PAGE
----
Acquired: Other (stray, given dog by friend etc.)
Granger, Indiana, United States
Posted July 21, 2014
The first pet I can remember was my collie, Jesse. Her full name was Jessica Anne Paquette, but we only heard that when my mom was upset about some accident on the rug. Jesse was a classic “Lassie” dog, in color, shape and size. For those of you who are too young to remember, Lassie was the star of her own television show many, many years ago. She was the canine heroine of her own series, where week after week she would catch the cattle rustler, find the young boy who had fallen into the abandoned well, or save the sleeping family from the fire that started in the barn in the middle of the night. Collies have been judged against that standard of heroic standing ever since.
Jesse looked like Lassie, but she was never able to reach the same pinnacle of show business success as her television counterpart. Jesse had her own strong points, the first and most important one being that she belonged to me. Back in the days before we had seven hundred channels to watch and video games on our phone, we used to actually play outside. Jesse was an expert at the long, lost game of “fetch.” She would literally fetch anything, as long as you said the word “fetch” when you threw something. I’m not sure how my mother and I taught her to do this, and it’s entirely possible that she learned it all on her own somehow. I would play with her for hours with a ball or a stick, and eventually she would bring it back to me and lay down at my feet, as if to tell me that the game was over, for now.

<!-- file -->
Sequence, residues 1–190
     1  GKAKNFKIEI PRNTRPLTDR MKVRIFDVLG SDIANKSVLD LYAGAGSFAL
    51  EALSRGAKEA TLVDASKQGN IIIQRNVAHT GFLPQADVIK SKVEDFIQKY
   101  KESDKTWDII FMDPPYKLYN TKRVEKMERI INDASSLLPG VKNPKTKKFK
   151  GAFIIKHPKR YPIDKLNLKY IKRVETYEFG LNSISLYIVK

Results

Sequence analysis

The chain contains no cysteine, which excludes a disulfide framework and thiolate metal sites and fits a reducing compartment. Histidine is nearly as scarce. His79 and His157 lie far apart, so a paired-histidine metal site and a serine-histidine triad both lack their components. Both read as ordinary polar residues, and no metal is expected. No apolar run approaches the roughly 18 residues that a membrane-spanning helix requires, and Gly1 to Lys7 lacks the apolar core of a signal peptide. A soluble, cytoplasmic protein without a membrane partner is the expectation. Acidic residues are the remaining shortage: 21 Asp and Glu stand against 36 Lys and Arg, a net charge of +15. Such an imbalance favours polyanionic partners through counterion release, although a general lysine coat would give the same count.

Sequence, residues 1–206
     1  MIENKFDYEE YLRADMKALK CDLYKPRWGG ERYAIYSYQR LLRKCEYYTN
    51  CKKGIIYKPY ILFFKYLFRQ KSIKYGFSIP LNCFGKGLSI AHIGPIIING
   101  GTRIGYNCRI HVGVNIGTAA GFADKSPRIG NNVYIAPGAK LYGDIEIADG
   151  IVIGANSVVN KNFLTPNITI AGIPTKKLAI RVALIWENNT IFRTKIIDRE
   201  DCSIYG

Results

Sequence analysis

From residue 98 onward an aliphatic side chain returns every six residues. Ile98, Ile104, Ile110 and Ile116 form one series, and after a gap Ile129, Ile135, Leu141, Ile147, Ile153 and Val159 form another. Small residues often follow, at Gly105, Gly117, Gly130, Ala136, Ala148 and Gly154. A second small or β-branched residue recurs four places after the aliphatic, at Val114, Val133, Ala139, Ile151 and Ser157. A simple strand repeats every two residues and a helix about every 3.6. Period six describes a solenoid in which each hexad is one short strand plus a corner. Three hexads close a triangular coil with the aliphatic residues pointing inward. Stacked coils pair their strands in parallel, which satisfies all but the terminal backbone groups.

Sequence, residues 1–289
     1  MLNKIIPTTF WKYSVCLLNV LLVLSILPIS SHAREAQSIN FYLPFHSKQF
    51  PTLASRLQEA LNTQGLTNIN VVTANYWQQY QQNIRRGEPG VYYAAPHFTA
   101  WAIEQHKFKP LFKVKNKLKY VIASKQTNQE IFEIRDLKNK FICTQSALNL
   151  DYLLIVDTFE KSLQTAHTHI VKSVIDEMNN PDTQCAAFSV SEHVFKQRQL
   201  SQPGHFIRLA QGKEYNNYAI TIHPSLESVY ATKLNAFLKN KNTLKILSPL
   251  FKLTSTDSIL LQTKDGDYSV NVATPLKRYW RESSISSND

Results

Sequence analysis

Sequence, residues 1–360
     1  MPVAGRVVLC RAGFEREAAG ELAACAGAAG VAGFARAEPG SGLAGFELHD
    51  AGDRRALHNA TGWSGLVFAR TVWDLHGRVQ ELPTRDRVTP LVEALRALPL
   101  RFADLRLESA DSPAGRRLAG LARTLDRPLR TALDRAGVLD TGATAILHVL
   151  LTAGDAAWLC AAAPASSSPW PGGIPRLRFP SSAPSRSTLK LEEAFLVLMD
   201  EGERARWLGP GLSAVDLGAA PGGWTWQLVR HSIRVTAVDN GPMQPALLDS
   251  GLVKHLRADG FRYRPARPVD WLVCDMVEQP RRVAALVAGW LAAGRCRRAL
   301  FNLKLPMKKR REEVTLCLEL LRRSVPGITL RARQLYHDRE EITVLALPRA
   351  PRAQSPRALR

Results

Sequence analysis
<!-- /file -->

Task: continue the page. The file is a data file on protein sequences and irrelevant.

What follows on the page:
She and I took the game to a new level however, with the invention of indoor fetch. This consisted of the two of us going down in our basement, where I would throw rolled up socks, old plastic panty-hose eggs, styrofoam craft balls, and anything else I could get my hands on, and she would fetch it and bring it back. This game lasted much longer than the outdoor version, probably because Jesse only had to walk about ten feet to grab the target. In my youthful exuberance, I tried to teach her other games, like jump rope, hopscotch, and baseball, but I was sadly unsuccessful. When my little brother was old enough to play with us, he tried to dress her up like a super hero, with a cape and a mask, and Jesse put up with all of it. As a breed, collies have an unbelievable amount of patience and tolerance. Every once in a while she would tilt her head and glance over at my mother, as if to say, ”seriously?” But that incredibly loyal dog never complained. She was so dedicated to the two little boys that she watched over, that she didn’t care what we were all doing, as long as we were together.
We did what we could to return the favor. We brushed her every day, as far as my mom knew anyway. I only found out years later that the wire brush was the one we were supposed to be using, not the super soft one. I guess that’s why she was shedding her coat year round. She slept in our room every night, right between our beds. We took turns walking her around the neighborhood, which actually resulted in her walking us, at her speed, where she wanted to go. But as a youngster without many friends, Jesse was irreplaceable. She took care of our family for many years.
I still remember the night that she passed away. Old age had caught up with her and she was lying on her side, breathing very methodically and looking around at all of us. My brother, my mother and I were all lying there with her, petting her and talking about nice memories. Somewhere in the middle of one of the stories, she sighed deeply…and was gone. If every child could have an experience with their pet, like the one I had with Jesse, we would be a healthier, happier society. I learned about friendship, love, caring for another, and in the end I even learned about death, all from my relationship with my dog. Thanks girl. We still miss you.